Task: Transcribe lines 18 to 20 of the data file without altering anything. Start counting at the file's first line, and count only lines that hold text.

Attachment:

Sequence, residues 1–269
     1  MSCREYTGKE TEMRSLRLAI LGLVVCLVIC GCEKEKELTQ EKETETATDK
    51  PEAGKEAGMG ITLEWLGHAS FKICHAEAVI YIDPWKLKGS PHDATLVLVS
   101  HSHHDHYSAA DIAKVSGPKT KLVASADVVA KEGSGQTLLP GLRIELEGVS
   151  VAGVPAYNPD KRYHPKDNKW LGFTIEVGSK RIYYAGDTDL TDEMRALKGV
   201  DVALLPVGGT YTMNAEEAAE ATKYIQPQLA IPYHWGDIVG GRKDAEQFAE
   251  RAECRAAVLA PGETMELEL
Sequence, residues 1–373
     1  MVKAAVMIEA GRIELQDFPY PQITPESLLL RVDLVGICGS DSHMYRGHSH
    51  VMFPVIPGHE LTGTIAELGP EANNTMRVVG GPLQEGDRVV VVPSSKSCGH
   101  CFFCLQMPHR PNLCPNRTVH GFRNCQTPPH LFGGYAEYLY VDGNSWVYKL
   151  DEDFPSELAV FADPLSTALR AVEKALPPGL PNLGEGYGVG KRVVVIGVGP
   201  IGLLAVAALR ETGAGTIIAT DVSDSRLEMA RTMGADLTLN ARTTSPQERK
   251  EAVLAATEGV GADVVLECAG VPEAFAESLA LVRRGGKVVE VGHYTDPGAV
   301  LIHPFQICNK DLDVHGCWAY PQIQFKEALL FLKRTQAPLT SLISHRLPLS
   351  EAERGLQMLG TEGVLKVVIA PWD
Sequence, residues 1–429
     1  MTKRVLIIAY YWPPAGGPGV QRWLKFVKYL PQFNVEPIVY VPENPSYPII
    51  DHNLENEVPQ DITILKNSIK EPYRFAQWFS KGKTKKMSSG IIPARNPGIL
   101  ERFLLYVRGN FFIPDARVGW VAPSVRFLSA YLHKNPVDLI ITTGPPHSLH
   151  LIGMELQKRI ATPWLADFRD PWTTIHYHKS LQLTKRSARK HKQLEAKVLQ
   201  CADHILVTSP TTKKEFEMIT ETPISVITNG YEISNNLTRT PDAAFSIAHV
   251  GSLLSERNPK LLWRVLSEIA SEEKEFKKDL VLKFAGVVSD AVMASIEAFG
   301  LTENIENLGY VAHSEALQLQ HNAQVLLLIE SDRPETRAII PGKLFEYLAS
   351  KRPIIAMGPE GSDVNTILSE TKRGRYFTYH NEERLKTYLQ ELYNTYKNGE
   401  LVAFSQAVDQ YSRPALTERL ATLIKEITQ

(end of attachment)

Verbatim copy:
     1  MTKRVLIIAY YWPPAGGPGV QRWLKFVKYL PQFNVEPIVY VPENPSYPII
    51  DHNLENEVPQ DITILKNSIK EPYRFAQWFS KGKTKKMSSG IIPARNPGIL
   101  ERFLLYVRGN FFIPDARVGW VAPSVRFLSA YLHKNPVDLI ITTGPPHSLH